I think 15-20% is a good place to start to see if you like the benefits, while limiting what it could do that might not be as desirable if you used more than that.

Gotta disagree Dave.  The rye beer I have on tap now is definitely spicy.  No mistaking it.  Maybe it's the rye malt you're using

I agree. I get an earthy, spicy, and almost tannic character from rye.
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Offline Steve Ruch

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Re: Rye Cream Ale?
« Reply #9 on: April 05, 2021, 08:55:10 PM »
I've made numerous beers with 40-50% rye malt.  It is very mild in flavor, bready, slightly earthy, and not spicy.  Any spiciness probably comes from the hops, or perhaps the yeast.  What it does: super creamy head with outstanding retention, and a very heavy body.  In smaller amounts, you'll get the benefits on head and creaminess but without the very heavy body.

Note: It can also add a grayish hue and permanent haze to the beer in higher amounts.  Not like NEIPA, but a very strange soft muddy "sheen".  Still clear, but not as clear as you can get with zero rye.


I think 15-20% is a good place to start to see if you like the benefits, while limiting what it could do that might not be as desirable if you used more than that.

Hmm...I'm looking for crisp(ish) and clear so maybe a Cream Ale isn't the ideal vehicle to showcase Rye Malt.  Sounds like it would be best used in a Porter.  :D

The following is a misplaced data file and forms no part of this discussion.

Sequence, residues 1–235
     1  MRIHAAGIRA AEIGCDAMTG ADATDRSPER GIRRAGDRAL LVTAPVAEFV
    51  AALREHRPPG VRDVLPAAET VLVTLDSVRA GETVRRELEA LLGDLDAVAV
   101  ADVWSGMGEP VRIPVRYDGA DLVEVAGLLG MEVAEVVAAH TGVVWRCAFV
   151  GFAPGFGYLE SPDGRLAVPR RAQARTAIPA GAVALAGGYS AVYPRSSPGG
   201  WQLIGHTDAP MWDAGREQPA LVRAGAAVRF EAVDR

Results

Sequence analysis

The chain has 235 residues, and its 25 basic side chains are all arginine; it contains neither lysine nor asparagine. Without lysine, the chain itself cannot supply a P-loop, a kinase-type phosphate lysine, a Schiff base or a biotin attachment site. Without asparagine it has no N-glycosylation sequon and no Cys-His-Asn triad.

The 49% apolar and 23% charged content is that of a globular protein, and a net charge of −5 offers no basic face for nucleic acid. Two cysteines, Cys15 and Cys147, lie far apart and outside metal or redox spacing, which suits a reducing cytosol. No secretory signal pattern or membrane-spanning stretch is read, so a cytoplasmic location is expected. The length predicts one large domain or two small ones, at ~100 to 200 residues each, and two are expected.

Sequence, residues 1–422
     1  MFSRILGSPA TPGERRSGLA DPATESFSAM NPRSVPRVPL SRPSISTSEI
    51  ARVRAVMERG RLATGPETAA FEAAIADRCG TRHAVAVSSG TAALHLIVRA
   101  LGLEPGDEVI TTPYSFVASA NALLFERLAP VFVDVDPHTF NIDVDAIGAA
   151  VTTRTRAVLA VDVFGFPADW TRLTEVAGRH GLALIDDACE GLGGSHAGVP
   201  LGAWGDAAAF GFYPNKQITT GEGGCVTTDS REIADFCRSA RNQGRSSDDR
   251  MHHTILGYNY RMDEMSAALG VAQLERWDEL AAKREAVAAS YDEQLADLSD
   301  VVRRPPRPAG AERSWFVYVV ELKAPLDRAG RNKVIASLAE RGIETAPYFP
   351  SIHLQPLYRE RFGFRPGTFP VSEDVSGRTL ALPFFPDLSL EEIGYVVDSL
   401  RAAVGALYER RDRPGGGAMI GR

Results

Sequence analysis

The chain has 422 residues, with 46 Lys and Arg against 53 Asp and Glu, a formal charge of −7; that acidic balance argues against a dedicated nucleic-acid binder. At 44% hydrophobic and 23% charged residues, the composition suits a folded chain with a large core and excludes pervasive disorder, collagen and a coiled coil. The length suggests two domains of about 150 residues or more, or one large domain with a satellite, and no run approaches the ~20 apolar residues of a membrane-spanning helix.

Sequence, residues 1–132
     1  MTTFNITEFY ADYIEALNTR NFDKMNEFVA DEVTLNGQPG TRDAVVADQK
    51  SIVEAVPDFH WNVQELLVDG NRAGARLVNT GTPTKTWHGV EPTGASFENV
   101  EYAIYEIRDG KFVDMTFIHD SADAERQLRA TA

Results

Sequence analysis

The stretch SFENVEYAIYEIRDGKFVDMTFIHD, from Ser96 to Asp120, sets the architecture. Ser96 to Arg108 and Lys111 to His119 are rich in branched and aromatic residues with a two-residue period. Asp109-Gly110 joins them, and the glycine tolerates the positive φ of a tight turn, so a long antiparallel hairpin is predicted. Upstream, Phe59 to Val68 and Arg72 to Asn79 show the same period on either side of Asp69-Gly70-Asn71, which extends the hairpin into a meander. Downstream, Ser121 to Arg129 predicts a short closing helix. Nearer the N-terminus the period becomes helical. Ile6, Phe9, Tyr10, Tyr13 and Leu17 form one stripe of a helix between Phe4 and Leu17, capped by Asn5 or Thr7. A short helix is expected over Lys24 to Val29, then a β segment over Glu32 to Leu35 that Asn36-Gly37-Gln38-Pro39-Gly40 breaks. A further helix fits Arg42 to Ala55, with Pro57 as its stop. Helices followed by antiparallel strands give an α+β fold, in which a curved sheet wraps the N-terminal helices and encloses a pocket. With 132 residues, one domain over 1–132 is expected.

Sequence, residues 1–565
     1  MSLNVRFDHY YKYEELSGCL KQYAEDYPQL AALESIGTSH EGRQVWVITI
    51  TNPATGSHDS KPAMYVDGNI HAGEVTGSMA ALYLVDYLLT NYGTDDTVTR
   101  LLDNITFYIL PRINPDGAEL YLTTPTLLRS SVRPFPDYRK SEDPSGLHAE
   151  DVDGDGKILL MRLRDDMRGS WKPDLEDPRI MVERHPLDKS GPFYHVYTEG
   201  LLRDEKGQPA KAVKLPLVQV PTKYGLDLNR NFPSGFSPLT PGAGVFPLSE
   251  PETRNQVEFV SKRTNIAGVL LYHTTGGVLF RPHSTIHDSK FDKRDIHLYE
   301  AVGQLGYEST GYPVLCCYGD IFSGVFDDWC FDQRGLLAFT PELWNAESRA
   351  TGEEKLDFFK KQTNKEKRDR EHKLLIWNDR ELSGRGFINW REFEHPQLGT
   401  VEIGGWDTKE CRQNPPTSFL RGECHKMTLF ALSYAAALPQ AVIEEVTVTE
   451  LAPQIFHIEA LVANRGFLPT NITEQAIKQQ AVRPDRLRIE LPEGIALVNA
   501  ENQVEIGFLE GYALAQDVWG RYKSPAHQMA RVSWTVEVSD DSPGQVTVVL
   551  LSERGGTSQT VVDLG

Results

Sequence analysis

I did a rye porter and added some caraway to it; turned out real good.
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Offline ynotbrusum

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Re: Rye Cream Ale?
« Reply #10 on: April 05, 2021, 08:59:45 PM »
I think a lot of people think caraway when they think of rye malt, but it is because of the use of caraway in rye breads.  I agree the melding of those flavors could make an outstanding porter, however.  But rye malt alone gets me to perceive some spiciness, when used in a large enough quantity.
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Offline Megary

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Re: Rye Cream Ale?
« Reply #11 on: April 05, 2021, 10:34:16 PM »
I don’t doubt different maltsters will produce different Rye malts. Seems pretty obvious given the fact not even all 2-rows taste the same to me. Who makes the best Rye would seem to be dependent on what it is you want the Rye to do.

I decided to throw a small handful of Rye grains in my mouth for a long, deliberate taste test.
One, this is not an exercise I would recommend.  ;D
Two, I am getting bready like most base malts.  But there is definitely a little something that develops after a minute or two.  Is it spice?  Definitely not like pepper, or Rye bread, or saison yeast, or nutty, or hot.  A few mentioned “earthy” and if I squint I might see that.  But to me it’s just a bit different.  Sharp...that might be the word I would use.  Of course this test is a million miles away from a finished beer so who knows if that would even show up at the end.